At about 1 A.M. I awoke, surprised to find that Wes and Jason were still not home. Shortly afterward, Wes called to say they were having trouble getting blood as the port-a-cath was not working properly and veins were difficult to access. Knowing they would not be home for quite awhile, I went back to sleep.
Meanwhile, Wes was with Jason and he was the first to learn the shocking news.
The doctor examined Jason and then spoke to Wes: “I’m sorry, Wes, but the leukemia is back and he has between two weeks and two months to live.”
Wes was stunned. After years of chemotherapy, the transplant and medications, was the end to be so sudden? Years before, Wes and Jason had made a promise to each other that Jason would try to bravely face whatever came and Wes, on his part, would be honest with Jason about his condition. Wes went to Jason and said, “Come on, buddy, let’s go home.”
Surprised, Jason asked, “What did they say?”
“Let’s just go,” Wes answered, his voice trembling with emotion.
As they went through the large front doors of Mass General Hospital Wes got down on his knees and said, “Oh, Jason, I love you so much, but your leukemia’s back and it’s all through you. The doctor just said you have only a few weeks or months to live.”

Back in the hospital 

Back in the hospital

He looked at Wes and his first words were, “Dad, this is going to be so hard on Mom.”
They walked to the car in silence. When finally they spoke, Jason wasn’t angry or upset. He was thinking of how God might be able to use his death for a purpose, and he was determined to be the one to tell me the news.
Wes asked, “Jason, are you afraid?”
“No, Dad, I’m not afraid. I’m sorry for the family that this is happening.”
Through tears, Wes told him, “Don’t be sorry for us. Let’s just do what we can, stick together, and see what God can work out of it.” They prayed there at the end of the street and headed for home.
Of course, I knew nothing about this or of the nightmare through which Wes and Jason were passing. At about 3 A.M. I sensed someone in the hallway. I woke up to see Wes and Jason. Their expressions chilled me.
Wes looked at Jason and said, “Are you sure you want to tell her?”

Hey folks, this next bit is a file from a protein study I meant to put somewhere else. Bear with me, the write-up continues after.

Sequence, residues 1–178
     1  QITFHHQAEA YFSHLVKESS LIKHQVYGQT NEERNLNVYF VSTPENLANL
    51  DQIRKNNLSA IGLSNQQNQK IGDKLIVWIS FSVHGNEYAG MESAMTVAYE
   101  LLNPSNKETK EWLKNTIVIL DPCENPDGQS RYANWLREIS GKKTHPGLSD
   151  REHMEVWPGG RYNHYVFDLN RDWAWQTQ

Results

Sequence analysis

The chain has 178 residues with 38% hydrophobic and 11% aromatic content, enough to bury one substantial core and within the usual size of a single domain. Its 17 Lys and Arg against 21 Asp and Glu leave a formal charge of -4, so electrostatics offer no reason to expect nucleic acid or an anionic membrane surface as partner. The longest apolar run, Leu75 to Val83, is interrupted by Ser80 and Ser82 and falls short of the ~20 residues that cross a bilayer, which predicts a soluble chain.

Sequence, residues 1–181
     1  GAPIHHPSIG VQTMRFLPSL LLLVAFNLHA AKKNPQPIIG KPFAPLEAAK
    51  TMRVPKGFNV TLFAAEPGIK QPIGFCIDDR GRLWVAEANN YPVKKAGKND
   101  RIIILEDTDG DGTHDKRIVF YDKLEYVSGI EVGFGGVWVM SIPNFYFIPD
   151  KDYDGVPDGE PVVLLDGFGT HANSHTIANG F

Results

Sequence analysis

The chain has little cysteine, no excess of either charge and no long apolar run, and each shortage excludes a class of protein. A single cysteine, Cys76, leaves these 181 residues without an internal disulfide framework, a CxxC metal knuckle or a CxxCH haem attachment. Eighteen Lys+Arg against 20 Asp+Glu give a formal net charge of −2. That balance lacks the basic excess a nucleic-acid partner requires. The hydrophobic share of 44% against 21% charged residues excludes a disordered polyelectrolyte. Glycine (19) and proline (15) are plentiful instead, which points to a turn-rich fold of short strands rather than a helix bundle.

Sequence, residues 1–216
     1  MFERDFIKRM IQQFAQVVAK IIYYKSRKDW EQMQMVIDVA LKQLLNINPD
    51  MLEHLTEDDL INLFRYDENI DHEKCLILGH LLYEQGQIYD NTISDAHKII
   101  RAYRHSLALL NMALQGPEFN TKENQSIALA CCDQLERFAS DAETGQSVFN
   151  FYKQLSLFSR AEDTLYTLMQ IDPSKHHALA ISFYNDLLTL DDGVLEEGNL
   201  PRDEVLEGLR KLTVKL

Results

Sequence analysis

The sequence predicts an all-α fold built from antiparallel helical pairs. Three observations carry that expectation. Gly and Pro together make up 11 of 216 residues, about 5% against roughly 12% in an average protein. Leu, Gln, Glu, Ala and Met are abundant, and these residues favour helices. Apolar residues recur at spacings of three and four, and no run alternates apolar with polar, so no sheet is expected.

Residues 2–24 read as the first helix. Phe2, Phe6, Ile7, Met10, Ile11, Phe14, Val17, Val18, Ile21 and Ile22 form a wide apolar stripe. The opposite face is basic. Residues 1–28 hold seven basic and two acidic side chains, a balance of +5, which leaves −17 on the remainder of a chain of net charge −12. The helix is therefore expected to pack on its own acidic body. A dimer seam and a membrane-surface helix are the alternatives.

“What?! Tell me what?” Jason came over to my side of the bed and knelt down on the floor. “My leukemia came back and they told me I have between two weeks and three months to live if I don’t get chemotherapy,” he said shakily.
I started to shiver. From head to toe my body shook with a dreadful chill. I hugged him to me, rocking him back and forth.
“Oh, my poor baby!”
It had been many years since I had called him “baby” but I only wanted to take him in my arms and shelter him from all this pain and grief. Wes asked him a little while later if there was anyone he wanted to talk to. Jason thought for a minute and then said he needed to call Jacki and Joey. They had been involved with Jason and his disease since the beginning. So, at 3:30 in the morning they once again received news neither will ever forget.
When we finally went to bed Jason was the only one who slept. Wes and I were in shock. Yes, we had realized this day would probably come, but again we were taken by surprise and unprepared. I remembered having said to a friend just the weekend before that I fully expected to lose Jason one day. We had been talking about her little girl who had died that summer, and my Rebecca. Never did I think that this would come so soon. We are never ready to lose someone we love.
The following day we returned to the hospital for further testing. Jason’s regular doctor was almost as surprised as we were and was not convinced the diagnosis was correct. A bone marrow biopsy and aspiration were done, as well as more blood work. When the doctors looked at the bone marrow they felt very encouraged. It was not full of leukemia as should have been the case. The consensus was that either Jason was fighting off a virus or he had a chronic form of leukemia that many people live with for a long time. Bone marrow samples were sent to other labs for further study.

Lilian Guay 

Lilian Guay